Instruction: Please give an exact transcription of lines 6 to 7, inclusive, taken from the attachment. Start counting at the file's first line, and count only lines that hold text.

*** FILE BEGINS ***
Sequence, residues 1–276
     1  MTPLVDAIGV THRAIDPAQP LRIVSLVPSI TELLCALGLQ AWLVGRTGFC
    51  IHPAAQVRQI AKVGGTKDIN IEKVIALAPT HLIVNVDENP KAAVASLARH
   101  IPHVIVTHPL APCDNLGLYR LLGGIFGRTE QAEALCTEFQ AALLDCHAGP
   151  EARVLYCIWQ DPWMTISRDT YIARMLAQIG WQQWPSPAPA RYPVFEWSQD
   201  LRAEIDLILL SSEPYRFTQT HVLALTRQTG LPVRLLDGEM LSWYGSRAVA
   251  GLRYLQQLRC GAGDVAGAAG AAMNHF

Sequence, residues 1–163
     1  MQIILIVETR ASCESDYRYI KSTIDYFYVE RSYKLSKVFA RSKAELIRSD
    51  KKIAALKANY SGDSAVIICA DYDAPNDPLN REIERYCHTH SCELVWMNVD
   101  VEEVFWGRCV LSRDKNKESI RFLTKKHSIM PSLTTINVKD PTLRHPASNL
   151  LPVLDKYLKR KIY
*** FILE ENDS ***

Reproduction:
   201  LRAEIDLILL SSEPYRFTQT HVLALTRQTG LPVRLLDGEM LSWYGSRAVA
   251  GLRYLQQLRC GAGDVAGAAG AAMNHF